SPUG: Why aren't they hiring?

dancerboy dancerboy at strangelight.com
Fri Nov 16 03:55:18 CST 2001

At 9:54 AM -0800 11/15/01, James Moore wrote:
>  > The last time I got interviewed by an actual developer, they asked me
>>  such basic questions that I don't know how they could possibly have
>>  differentiated my answers from those of any of the other candidates.
>>  They had me write a "hello world" CGI script in Perl.
>I'm guessing you haven't done a whole lot of interviewing as in hiring, not
>looking for a job.  You'd be completely astonished at how often people can't
>solve the most trivial programming questions in interviews.

Don't get me wrong: I completely understand *starting* with simple 
questions.  My gripe was that, after demonstrating minimal technical 
competence, I felt that the interview didn't give me an opportunity 
to differentiate myself from any of the other minimally-competent 
candidates that they interviewed. (Though again, I acknowledge 
partial responsibility for not taking the initiative to do that 
differentiating on my own, regardless of what questions I got asked.)

At 10:29 AM -0800 11/15/01, Patterson, David S (Pat) wrote:
>I've done quite a bit of technical interviewing
>(ending about 9 months ago, sadly). Personally
>I don't like to give programming problems.  I've
>found that the only thing this accomplishes is to
>induce a great deal of anxiety in the interviewee.

As an interviewer, I think the key to reducing the anxiety-level in 
an interview is to explain as carefully as possible, with every 
question, *why* you're asking that question, what sort of things 
you're looking for, and especially what sort of things you're *not* 
looking for.  For me, when I'm being interviewed, the anxiety usually 
comes from being given vague questions which could be answered in 
many different ways, and not knowing what sort of information the 
interviewer is actually looking for.  For example, if I'm given a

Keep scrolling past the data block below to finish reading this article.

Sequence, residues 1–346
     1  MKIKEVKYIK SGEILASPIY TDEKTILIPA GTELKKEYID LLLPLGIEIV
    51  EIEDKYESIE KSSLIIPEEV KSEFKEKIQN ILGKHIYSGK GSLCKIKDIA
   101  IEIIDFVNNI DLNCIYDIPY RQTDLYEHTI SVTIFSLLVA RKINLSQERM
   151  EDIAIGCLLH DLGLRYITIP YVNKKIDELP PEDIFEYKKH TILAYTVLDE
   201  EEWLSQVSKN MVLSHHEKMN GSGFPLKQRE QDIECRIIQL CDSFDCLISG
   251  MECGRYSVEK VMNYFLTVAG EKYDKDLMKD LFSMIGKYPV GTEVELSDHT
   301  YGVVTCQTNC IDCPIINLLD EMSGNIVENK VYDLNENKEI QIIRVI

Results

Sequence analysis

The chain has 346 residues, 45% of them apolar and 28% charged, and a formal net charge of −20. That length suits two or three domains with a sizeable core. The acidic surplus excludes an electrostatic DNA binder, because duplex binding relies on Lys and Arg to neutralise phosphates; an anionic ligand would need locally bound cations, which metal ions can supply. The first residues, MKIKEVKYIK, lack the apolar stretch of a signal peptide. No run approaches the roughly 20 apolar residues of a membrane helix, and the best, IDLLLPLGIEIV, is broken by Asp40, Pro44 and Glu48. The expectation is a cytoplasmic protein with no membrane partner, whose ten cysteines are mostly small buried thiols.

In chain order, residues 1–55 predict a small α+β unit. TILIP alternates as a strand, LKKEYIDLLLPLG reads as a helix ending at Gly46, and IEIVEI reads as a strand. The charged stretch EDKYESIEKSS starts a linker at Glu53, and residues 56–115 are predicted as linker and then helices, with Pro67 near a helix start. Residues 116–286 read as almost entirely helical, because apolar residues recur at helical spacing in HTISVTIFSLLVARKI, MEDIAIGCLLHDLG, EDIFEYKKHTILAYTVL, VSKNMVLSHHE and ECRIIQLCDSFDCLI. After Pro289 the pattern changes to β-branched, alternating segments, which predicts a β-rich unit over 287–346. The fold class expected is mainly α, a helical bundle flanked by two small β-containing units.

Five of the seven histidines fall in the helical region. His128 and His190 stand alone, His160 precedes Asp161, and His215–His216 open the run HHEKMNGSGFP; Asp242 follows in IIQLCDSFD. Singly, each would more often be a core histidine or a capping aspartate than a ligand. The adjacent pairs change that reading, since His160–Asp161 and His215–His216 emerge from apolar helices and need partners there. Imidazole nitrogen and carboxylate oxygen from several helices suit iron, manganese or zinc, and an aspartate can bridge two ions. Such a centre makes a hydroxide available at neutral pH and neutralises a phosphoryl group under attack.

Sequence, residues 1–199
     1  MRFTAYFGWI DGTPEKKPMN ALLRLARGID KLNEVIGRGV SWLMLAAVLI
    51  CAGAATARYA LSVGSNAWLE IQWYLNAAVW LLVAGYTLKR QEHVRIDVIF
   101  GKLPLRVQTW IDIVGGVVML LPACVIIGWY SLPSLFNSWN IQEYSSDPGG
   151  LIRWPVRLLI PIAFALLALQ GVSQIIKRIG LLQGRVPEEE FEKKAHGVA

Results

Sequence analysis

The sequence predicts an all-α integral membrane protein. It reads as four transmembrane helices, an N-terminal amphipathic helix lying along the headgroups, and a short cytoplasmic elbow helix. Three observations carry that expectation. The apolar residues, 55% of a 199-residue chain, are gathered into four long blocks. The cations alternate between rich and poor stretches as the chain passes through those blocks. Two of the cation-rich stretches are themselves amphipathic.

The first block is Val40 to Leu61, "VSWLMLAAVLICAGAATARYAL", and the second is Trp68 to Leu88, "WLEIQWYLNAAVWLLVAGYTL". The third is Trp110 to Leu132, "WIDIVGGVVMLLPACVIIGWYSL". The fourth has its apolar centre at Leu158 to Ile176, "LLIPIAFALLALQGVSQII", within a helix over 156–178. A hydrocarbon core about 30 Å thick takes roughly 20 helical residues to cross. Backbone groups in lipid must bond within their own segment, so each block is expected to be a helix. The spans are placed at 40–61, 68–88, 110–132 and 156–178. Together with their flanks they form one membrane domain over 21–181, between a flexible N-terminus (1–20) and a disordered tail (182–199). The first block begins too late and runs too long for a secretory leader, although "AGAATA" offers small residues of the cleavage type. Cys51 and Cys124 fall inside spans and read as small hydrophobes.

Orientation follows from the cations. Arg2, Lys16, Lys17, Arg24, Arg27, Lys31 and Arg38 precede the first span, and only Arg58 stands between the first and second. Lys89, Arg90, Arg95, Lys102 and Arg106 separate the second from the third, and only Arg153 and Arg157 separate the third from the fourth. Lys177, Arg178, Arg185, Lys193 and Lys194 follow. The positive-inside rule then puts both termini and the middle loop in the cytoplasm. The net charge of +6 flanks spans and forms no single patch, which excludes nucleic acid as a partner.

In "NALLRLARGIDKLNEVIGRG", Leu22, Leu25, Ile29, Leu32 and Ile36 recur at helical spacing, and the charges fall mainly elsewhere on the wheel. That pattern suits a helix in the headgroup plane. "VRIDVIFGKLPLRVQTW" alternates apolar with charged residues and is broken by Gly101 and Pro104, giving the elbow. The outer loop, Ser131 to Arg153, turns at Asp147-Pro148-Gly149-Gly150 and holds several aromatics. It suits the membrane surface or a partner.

programming problem and no other information, I have no idea whether 
I'm being judged simply on my ability to understand the spec, or on 
the efficiency of my code, or its legibility, or on just how much of 
the perldoc I know by heart, or whether I can find the most 
"perl-ish" solutions (e.g. using map() instead of foreach() in 
situations where either will work just as well), or my ability to 
explain what I'm doing in plain English, or my willingness to ask for 
further guidance, or... what?

If I were going to ask a candidate to write some code, for example, I 
would first ask them what their preferred Perl reference works were: 
the Camel book?  typing perldoc at a shell prompt?  www.perl.com?  I 
would then try to make as many of those resources available as I 
could, and make it very clear that I didn't expect them to have the 
perldoc memorized, only that they know how to look up whatever 
information they need.  *Then* I would ask them to code quicksort 
using nothing but scalars, or whatever. (And I would explain the 
quicksort algorithm, too: that's not something I would expect a 
candidate to have memorized either.)

It's also important to keep in mind that even very experienced 
programmers may have very different backgrounds than you:  you may be 
surprised how many things that you consider "basic" and that "any 
Perl programmer would know" are in fact fairly obscure, and only seem 
ubiquitous because of the peculiarities of the development work you 
yourself have done.  In fact, certain kinds of ignorance are a sign 
of *greater* experience, not less:  I've been doing web dev for years 
and years now.  But interviewers often have a hard time believing 
that I'm a competent web developer, because I know very little about 
using CGI.pm.  The fact is, when I started doing web dev, there *was* 
no CGI.pm -- or at least it wasn't part of the standard Perl 
distribution -- so I had to roll my own solutions, solutions which I 
still use in lieu of CGI.pm (whose API I really dislike, but that's 
another thread).


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